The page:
(This is a sample from my writing craft series; you can read more on Patreon. Please note that these first posts are about things that aren’t strictly about the craft of writing, but the craft of surviving as a writer, if you will, because I want to get them out of the way first.)


The specifics of negotiation (which include contracts and other legal matters I’m not qualified to talk about) are involved, tricky, and beyond the scope of this book. The generalities are pretty simple, though.

  • You want something, and can provide something else.
  • The other side wants what you can provide, and can provide you what you want.
  • Both sides should benefit, receiving fair recompense for what they provide.

Writers at all levels tend to get into situations where they provide something of great value (original creative work) for which they are then paid less than what it is worth, while giving more or less complete control to the other party, more or less for the life of the copyright of the piece, without an real legal protection.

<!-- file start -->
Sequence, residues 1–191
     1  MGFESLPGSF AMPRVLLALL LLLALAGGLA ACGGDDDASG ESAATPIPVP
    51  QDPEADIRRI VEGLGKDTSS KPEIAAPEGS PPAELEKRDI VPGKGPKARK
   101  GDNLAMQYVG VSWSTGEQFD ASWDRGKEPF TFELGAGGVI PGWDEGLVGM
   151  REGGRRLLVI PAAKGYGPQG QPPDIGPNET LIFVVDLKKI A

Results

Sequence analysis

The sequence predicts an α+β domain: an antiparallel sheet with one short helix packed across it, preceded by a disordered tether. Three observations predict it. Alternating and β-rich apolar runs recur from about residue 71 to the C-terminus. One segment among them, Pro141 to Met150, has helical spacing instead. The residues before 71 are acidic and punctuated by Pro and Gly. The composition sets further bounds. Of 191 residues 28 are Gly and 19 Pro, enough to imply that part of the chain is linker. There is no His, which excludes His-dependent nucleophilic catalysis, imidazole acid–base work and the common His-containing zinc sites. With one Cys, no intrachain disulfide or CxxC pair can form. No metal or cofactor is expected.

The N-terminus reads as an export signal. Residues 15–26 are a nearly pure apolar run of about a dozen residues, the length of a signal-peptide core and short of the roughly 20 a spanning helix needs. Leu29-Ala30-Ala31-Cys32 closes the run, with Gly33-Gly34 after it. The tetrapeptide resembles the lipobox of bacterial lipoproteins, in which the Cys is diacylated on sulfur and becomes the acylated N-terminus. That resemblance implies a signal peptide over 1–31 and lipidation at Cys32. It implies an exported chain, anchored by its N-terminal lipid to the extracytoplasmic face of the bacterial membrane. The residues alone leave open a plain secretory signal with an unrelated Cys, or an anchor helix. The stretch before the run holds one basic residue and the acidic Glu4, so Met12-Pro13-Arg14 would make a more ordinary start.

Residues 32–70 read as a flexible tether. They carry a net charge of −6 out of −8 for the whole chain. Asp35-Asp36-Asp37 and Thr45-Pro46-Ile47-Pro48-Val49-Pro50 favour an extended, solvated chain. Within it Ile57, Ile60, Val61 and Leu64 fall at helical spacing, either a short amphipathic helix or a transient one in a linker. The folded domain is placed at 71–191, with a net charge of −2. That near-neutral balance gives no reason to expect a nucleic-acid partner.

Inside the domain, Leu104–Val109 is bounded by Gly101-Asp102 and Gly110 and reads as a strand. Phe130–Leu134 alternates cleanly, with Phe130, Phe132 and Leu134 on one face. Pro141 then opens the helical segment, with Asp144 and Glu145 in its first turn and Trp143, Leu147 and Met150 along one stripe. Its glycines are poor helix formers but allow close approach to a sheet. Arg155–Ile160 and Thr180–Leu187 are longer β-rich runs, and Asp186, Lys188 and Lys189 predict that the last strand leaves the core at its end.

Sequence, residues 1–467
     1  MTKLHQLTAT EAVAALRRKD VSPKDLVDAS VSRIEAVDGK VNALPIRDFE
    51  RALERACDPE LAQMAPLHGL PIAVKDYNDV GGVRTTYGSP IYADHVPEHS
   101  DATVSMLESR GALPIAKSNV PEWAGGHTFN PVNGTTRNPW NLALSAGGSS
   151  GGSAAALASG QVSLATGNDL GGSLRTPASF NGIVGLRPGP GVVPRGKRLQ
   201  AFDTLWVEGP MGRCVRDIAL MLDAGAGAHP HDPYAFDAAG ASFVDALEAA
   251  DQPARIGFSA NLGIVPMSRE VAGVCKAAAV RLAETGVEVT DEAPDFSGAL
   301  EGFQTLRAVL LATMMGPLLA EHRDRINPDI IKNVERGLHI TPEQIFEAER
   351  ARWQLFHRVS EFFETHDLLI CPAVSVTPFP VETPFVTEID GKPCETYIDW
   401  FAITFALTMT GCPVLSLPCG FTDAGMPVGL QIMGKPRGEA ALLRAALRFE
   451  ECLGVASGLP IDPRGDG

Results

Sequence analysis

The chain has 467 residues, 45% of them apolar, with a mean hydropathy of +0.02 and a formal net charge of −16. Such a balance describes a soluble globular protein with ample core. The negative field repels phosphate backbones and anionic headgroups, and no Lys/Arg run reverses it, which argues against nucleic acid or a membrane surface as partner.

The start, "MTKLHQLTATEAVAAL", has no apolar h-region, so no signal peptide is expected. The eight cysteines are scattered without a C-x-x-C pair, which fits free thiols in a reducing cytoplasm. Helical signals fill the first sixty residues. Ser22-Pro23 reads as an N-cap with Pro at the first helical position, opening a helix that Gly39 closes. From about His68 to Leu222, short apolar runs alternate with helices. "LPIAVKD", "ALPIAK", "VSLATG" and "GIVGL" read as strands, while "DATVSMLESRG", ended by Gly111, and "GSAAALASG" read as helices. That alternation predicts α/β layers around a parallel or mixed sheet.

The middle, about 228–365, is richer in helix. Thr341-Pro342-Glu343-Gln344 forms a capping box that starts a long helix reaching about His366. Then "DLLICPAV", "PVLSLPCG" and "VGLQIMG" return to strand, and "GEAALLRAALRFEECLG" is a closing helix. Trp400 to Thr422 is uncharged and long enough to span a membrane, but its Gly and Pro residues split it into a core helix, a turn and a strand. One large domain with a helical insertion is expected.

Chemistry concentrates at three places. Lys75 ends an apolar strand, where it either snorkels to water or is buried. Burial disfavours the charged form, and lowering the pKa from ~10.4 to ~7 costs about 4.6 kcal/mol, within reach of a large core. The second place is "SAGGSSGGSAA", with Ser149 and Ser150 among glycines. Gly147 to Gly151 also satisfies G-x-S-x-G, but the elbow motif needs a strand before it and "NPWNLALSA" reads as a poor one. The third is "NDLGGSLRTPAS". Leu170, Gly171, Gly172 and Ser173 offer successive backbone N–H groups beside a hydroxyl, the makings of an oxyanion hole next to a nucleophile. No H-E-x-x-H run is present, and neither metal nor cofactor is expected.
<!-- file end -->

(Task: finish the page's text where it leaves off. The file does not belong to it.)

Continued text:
I strongly recommend reading The Copyright Handbook from Nolo Press before you embark further on your publishing adventures. I probably won’t stop strongly recommending you do so, either.

You’ll have to consult other sources in order to get the specifics of what you should negotiate for, what constitute the situation’s specific red flags, and what you should absolutely, positively, never do.

But the essence of negotiation—a template, if you will—goes like this:

  • Don’t pre-negotiate. Don’t compromise before you even start.
  • State what you want.
  • Acknowledge the other party’s point of view.
  • State your point of view.
  • Re-state what you want.
  • Know, beforehand, what will make you walk away from the deal, and be prepared to walk.

That’s it.

(Click here for examples and more information on negotiation, and another section on apologies, including ones where you didn’t think you did anything wrong…)